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Bunking the myth of oil price hikes and speculation

Monday, 05 March 2012
Bunking the myth of oil price hikes and speculation The question of whether speculators are responsible for the recent spikes in the price of oil has been one of the most hotly debated topics in the oil market in the last few years. Most recently it has prompted US regulators to put limits on some speculative positions and re-define what they consider to be speculative positions. Vanja Dragomanovich met up with Rita D'Eclessia, professor at the Department of Economic Theory and Quantitative Methods for Political Choices at the University of Rome and a visiting lecturer at Birkbeck University in London, who has run these theories through a set of mathematical tests and has produced some slightly surprising results. http://www.ftseglobalmarkets.com/

The question of whether speculators are responsible for the recent spikes in the price of oil has been one of the most hotly debated topics in the oil market in the last few years. Most recently it has prompted US regulators to put limits on some speculative positions and re-define what they consider to be speculative positions. Vanja Dragomanovich met up with Rita D'Eclessia, professor at the Department of Economic Theory and Quantitative Methods for Political Choices at the University of Rome and a visiting lecturer at Birkbeck University in London, who has run these theories through a set of mathematical tests and has produced some slightly surprising results.

Vanja Dragomanovich (VD): Why has the issue of oil prices attracted so much attention outside the actual oil market?
Rita D'Eclessia (RD’A): Analysis and empirical evidence shows that four out of the last five global recessions were preceded by oil shocks. In the case of the 2007-2008 crisis oil prices cannot be ignored as a culprit of what happened: the oil price increased over 300% and this caused the annual fuel bill of OECD countries to increase dramatically. Exceptional oil price volatility affects many economic variables and their related markets. Oil price fluctuations affect consumers, producers and marketers, especially in terms of costs, incentives to invest in technology and trading strategies. The importance of oil prices is further increased by the fact that other forms of energy such as coal, gas, and, to a lesser extent, electricity are sometimes priced in order to compete with oil, so that oil price fluctuations become reflected in broader energy price changes.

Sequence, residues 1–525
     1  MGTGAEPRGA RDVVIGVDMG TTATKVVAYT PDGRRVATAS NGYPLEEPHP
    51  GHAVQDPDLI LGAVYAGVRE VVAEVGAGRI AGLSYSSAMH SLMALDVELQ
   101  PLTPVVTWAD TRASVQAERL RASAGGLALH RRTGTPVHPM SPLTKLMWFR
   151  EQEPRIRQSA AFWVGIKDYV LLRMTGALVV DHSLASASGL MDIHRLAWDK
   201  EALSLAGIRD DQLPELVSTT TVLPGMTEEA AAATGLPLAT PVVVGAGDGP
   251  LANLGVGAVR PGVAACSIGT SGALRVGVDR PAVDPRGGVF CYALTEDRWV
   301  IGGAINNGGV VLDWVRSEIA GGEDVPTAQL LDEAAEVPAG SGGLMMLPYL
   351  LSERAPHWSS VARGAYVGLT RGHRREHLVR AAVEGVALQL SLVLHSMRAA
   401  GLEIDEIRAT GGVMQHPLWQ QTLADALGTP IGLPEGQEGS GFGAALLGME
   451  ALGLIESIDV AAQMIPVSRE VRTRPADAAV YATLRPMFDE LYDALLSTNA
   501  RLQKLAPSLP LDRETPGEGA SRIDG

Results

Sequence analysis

VD: As part of your research you looked into the link between the volatility in oil prices and the involvement of speculators in the market. Can you talk us through your findings?
RD’A: Economists and financial experts are divided over who they think was responsible for driving crude oil prices to their peaks in the first half of 2008. Basically trend-following speculation and institutional commodity index-buying have reinforced the output pressure on prices. In my research I tried to identify which economic and financial variables provide insights into understanding oil price dynamics. Our proposition was that the changes in the oil price are an example of an economic variable which is largely unpredictable. In such a context the role of futures markets, considered as a measure of the speculative component in the market, is also investigated. However, our conclusion was that using the data we had, we could not find any evidence that the oil price depends on speculative activity in the market.

VD: What data did you base your research on? For instance, how did you define speculators and how did you distinguish between speculative and non-speculative activity? Was your research based on information from several commodity exchanges?
RD’A: I set up an econometric model to capture possible long run equilibrium between some macroeconomic variables and some financial variables. The data used to measure speculation is the number of the benchmark US futures oil contracts, the West Texas Intermediate (WTI) spot crude oil held by speculators; this is data published by the US Commodities Futures Trading Commission (CFTC).
I used monthly West Texas Intermediate spot oil prices between 1993 and 2011 and assumed that speculators are participants who trade oil as an investment and not to hedge.

VD: Once you established that the link between speculative activity and oil price volatility was weak which other factors proved most influential in the oil market?
RD’A: Surprisingly, by far the strongest influence is the price of gold, followed by the strength of the euro against the dollar. For instance we found that for any one basis point move in the euro/dollar exchange rate the oil price moved by $2.8 dollars. Given that the euro was only introduced in 2000 we ran the analysis using the Deutschmark from 1993 till the introduction of the euro.
In all, we tried six different variables to try and find some meaningful correlation. We tried open interest, US interest rates, imports of WTI and WTI oil futures, all of which proved not to have a strong impact on the oil market.

VD: Your analysis was primarily statistical. However, in that period of time oil would have also moved for other reasons such as geopolitical crises, conflicts in the Middle East, economic crises, and political changes in Europe. How do those factors feature in your analysis?
RD’A: That is correct, but we can infer the influence of political events through the fluctuations of the dollar exchange rate and the price of gold. In any case the debate continues; oil price changes certainly cannot be explained solely by looking at the supply and demand dynamics.

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